Wilson looks back on 96 yearsPublished 5:35pm Tuesday, September 25, 2012
Russellville resident Johnnie Wilson is just four years shy of spending an entire century on this earth, but for Wilson, who turned 96 years old this past Monday, age is just a number.
Wilson may be 96 years old, but you wouldn’t be able to tell it just by looking at him. He still gets around well and you can often find him and his wife, Mary, eating out at one of their favorite restaurants, Catfish Haven.
These days, Wilson takes it easy and spends most of his time visiting with family and friends, but the life he has lead has definitely been a full one.
Wilson was raised on a farm in Green County, Ala., where his family raised cotton, corn, peanuts and sugar cane.
“We grew everything on our farm that we needed almost,” Wilson said. “We had hogs to eat and we managed fine.”
His parents, Jim and Kate Bell Wilson, raised Wilson along with four sisters and three brothers.
He went to Walker School during his younger years and transferred to Beech Grove School in third grade.
His family moved five miles north of Eutaw, Ala., and he continued going to school until he had to drop out in the ninth grade to help support his family during his father’s illness.
“My father had cancer and someone had to support the family,” he said. “I was the sixth one in line and my older siblings had already married, so I had to go home and make a living for my mom, three sisters, grandma and one brother.”
Wilson said he started working in the field on his family’s farm when he was five years old, so he began farming again to earn a living at a time when the Great Depression was in full swing.
“Like a lot of other people during the Depression, we made just enough to pay the mortgage on the farm,” he said. “Before the Depression, cotton was 30 cents a pound but afterwards, it was only 5 cents a pound. That made a lot of difference in those days.”
After his father passed away in 1933, Wilson continued to work on the farm until he entered the public sector in 1937 driving a truck for a construction company for 25 cents an hour.
“I did that for one summer and then went to work for C.C. Moore Construction Company who was building bridges in Alabama, and I did that for about three years,” he said.
During this time, Wilson said he attended a community party in Clanton.
“While I was there, I looked over and saw this beautiful lady,” he said. “I went over and asked her to dance with me and I made up my mind that night that if I ever married, she would be my wife.”
Wilson was right. The lady he danced with that night, Mamie Ruth Porter, became his wife on Dec. 21, 1940.
After that, Wilson was working for Farnsworth Construction Company when the company asked him to transfer to Texas in 1943.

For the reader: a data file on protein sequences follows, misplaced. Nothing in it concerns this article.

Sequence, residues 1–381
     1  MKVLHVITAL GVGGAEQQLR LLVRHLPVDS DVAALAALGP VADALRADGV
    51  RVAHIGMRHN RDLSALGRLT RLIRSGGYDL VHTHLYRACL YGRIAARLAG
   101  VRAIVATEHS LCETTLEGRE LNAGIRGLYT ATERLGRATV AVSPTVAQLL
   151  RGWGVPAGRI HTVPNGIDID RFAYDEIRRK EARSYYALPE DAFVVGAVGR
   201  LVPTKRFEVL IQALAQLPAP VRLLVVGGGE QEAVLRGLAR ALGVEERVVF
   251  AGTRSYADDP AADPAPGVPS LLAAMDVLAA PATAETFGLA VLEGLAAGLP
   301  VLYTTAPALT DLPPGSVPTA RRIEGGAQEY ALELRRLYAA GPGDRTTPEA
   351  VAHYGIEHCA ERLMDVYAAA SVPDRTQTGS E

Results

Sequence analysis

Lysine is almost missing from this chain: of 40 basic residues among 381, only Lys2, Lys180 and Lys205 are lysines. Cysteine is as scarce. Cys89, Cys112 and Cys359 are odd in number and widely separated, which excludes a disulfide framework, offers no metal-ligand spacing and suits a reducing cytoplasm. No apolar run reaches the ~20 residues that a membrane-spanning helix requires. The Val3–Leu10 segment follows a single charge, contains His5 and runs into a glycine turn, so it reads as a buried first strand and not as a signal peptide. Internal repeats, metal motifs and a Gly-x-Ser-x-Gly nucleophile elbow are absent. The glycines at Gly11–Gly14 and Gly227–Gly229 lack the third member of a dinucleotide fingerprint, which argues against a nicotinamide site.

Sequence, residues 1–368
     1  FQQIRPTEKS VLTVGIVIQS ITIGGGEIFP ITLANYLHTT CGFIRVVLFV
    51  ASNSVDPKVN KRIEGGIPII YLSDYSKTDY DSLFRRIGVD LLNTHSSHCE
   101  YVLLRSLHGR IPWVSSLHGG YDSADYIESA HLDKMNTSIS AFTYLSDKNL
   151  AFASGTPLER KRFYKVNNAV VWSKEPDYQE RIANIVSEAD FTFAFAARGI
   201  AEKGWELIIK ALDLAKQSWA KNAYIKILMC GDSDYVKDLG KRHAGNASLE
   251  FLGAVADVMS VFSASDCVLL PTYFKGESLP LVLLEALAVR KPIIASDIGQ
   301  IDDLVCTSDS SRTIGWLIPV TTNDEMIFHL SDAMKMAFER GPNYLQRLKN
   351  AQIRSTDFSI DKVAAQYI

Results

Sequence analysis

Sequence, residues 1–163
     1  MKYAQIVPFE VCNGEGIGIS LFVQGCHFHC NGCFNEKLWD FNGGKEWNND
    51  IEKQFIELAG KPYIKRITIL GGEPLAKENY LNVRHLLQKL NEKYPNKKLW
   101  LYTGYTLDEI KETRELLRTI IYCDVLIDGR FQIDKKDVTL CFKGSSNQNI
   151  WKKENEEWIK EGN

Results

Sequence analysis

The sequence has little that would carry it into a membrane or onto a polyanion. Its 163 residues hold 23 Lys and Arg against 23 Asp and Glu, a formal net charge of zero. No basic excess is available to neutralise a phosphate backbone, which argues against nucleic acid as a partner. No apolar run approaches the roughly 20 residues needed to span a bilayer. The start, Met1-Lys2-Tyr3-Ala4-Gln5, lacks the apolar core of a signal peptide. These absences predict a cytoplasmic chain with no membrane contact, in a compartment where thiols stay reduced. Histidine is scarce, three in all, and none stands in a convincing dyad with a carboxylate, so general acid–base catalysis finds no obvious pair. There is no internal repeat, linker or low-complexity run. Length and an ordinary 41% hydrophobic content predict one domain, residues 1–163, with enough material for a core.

“We packed up with four suitcases and $125 and headed out there even though we had no place to stay,” he said.
The Wilsons remained in Texas until Mamie came back to Alabama during the last few months of pregnancy with her first child, Peggy Wilson Vernon, in December of 1944. When Peggy was six weeks old, Mamie brought her back to Texas where they lived until Wilson was called into military service in 1945.
He attended basic training near Little Rock, Ark., and was able to come home for Christmas before being shipped out to Germany in January of 1946 where he was stationed for seven months during World War II.
“When the orders came down for all the fathers to be shipped back to the States, I got to come home and was discharged,” he said.
When he came back home, he decided to build a home on the land he had previously purchased from his mother near Eutaw and he built the two-bedroom house himself with help from some friends.
“You had to be a jack of all trades back then,” he said.
His son, Johnny, was born in April of 1947 followed by his second son, Jimmy, who was born on July 4, 1948.
He continued farming to make a living until he was offered a job in 1952 with the Alabama Department of Agriculture in the Soil and Water Conservation division.
He didn’t accept the full-time position and worked part-time for two years until he was offered a full-time job again and given the option to choose from 13 counties to work in.
“Tuscaloosa County was my first pick, so I started working full-time in Tuscaloosa with the Department of Agriculture Soil and Conservation Service.”
He was transferred in 1962 to Franklin County and worked for the department for 28 more years before retiring in 1979.
After his retirement, Wilson raised honey bees for the next 20 years that produced 3,000 to 4,000 pounds of honey each year.
In July of 2003, Mamie, his wife of 62 years, passed away.
“She was my first love,” he said. “We were married a long time but it wasn’t long enough.”
Several months later, Wilson began a relationship with a friend he had known for many years.
He married Mary on Feb. 24, 2004.
“She is a very fine lady and I enjoy spending my time with her,” he said.
Over the years, Wilson has also been a Sunday School teacher and deacon at several different Baptist churches in the towns where he has lived.
“He has led a very interesting life,” his daughter, Peggy Vernon, said. “He has been a great example for 96 years.”